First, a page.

Choosing the Right Fountain Aerator for your Lake

Choosing the Right Fountain Aerator for your Lake
 
If you wish to have a healthy lake or pond, a good aeration system is a must. Whether it be a fountain or sub-surface aerator, it’s important to maintain a system that is big enough to handle your lake or pond.

Types of Fountain Styles
 
No two fountains are the same and different manufacturers have different names for the fountains they make. Here are the top 4:


Geyser: A simple vertical pattern that shoots water straight into the air, the geyser is a common fountain style that helps with aeration.
 
Crown and Geyser: This pattern is a bit more complex. Several small geysers shoot from around a larger one to resemble a crown.

Cone: The water is forced to the edges of a disk like object in the nozzle and allows the water to create a cone like effect. Most effective fountain shape.  
 
Bubbler: The water in this design doesn't exactly shoot, but bubbles overs, to resemble an erupting volcano.
 
Once you select a pattern that works for you, you need to make sure you determine the water quality or other key features that need to be addressed. You can always contact our specialists to help determine the needs you have and how to solve them.

 

The 6’ Rule
 
If you have a pond or lake that is more than 6 feet deep, you’ll want to consider a sub-surface aeration system. A fountain aerator is only capable of aerating the water column, so anything under 6 feet deep will not receive proper aeration. You can still use a fountain feature, but we highly recommend you add a sub-surface aerator to subsidize the lack of aeration.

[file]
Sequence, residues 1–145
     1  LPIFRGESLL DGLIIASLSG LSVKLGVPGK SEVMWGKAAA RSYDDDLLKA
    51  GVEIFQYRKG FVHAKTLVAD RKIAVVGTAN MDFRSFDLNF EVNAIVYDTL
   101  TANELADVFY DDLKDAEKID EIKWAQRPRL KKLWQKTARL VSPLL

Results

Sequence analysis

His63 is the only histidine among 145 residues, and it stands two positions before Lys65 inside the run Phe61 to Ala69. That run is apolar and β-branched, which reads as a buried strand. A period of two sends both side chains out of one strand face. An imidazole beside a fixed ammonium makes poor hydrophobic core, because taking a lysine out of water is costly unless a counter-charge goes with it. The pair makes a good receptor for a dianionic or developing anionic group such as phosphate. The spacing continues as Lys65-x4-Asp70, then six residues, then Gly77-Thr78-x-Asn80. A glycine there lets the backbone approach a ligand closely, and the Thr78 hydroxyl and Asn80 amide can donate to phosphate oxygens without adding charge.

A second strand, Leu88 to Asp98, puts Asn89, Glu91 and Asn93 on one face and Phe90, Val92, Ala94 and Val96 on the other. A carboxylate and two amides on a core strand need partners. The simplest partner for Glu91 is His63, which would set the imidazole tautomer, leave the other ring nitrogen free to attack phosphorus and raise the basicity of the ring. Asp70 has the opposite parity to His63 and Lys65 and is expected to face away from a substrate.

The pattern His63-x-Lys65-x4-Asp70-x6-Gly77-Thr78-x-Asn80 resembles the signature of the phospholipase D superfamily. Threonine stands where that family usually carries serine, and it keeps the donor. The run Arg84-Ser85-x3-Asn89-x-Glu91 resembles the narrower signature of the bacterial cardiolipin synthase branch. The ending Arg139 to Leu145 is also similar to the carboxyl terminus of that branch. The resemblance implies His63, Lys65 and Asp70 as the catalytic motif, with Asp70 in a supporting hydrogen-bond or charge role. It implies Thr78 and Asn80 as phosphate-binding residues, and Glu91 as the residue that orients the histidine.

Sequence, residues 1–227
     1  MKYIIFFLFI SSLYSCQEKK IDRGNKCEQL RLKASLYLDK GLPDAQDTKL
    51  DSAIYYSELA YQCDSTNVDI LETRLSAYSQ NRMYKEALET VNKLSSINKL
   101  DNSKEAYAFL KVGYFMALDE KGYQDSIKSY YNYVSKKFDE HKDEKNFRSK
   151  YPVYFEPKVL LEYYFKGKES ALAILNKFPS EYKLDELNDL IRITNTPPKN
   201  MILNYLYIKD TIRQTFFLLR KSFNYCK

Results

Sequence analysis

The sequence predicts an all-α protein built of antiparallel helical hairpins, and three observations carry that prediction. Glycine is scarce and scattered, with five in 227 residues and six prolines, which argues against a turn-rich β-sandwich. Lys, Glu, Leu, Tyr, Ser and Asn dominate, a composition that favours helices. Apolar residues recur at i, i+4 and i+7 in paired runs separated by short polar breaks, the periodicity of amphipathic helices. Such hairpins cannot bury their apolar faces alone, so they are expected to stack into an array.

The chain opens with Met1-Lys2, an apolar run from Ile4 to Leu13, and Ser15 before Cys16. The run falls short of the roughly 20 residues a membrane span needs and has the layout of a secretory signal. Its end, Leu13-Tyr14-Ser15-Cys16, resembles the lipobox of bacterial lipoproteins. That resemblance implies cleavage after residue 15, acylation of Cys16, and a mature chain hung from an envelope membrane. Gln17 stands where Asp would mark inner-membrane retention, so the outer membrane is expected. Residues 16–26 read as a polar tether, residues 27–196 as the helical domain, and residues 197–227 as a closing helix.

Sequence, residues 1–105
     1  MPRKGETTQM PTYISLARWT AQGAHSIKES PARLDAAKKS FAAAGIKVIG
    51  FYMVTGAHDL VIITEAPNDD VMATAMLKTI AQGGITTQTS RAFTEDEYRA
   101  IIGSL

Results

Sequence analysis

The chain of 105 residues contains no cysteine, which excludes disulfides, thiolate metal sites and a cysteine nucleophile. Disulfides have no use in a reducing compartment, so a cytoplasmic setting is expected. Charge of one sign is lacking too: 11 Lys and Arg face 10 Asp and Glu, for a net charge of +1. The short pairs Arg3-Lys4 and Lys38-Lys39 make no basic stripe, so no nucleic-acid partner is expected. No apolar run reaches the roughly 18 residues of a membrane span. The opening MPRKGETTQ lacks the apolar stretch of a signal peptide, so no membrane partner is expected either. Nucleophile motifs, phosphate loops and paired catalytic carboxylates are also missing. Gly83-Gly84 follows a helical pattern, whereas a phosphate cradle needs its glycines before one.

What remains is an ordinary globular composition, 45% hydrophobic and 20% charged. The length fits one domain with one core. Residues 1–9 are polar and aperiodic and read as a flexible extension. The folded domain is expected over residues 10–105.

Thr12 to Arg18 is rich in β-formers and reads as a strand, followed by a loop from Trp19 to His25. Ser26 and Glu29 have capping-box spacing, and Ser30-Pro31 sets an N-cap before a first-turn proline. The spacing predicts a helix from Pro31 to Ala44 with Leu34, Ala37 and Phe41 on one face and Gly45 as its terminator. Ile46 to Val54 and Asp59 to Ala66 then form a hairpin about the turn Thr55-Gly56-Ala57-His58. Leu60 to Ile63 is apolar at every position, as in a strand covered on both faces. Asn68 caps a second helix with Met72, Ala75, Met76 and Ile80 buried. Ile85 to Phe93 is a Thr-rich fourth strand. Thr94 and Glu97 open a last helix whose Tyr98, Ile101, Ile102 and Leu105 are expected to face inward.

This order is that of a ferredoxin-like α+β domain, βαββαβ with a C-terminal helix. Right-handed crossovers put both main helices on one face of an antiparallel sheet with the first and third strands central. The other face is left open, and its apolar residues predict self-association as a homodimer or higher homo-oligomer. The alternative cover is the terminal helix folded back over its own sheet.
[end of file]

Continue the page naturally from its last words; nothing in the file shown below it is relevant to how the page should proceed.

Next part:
Shape and Size Matter
 
Curves and bends can add dramatic features to your lake or pond, however, they can also restrict aeration. Ponds or lakes with irregular coastlines, islands, or coves can limit the reach of the oxygenated water and can be harmful to your pond or lake. We recommend that you aerate as much as possible to ensure algae and weed growth are kept at a minimum. Remember, you can’t over aerate a pond, but you can definitely under aerate. 

Other Considerations
 
The most effective fountain shape is the classic v-pattern (cone pattern). It does the job simply and effectively. Remember, the more decorative the spray pattern, the less effective it is at aerating because it uses more energy to create the pattern than to aerate your pond. Secondly, horsepower is very important. A good rule of thumb is to go with 1.5 HP per acre when using the v-pattern, if you plan to choose a more decorative  . If the fountain is for decoration more than aeration, 1 HP would be enough. Lastly, winterization is very important and is imperative if you live in an area that is prone to freezing. In order to save your equipment, you must remove any surface fountains, as the ice will freeze and can break your equipment. The exception would be out Scott Aerator Fountains; they can be left in during the winter but they shouldn’t be active. Here is a link to our Scott Aerator Fountains,  An active fountain in the winter can have a super cooling effect and can have a negative impact on the wildlife and equipment. 
 
As always, if you have any additional questions about your pond or lake, please send an email to info@AerationSource.com or give us a call at 855-997-5900. We are here to help.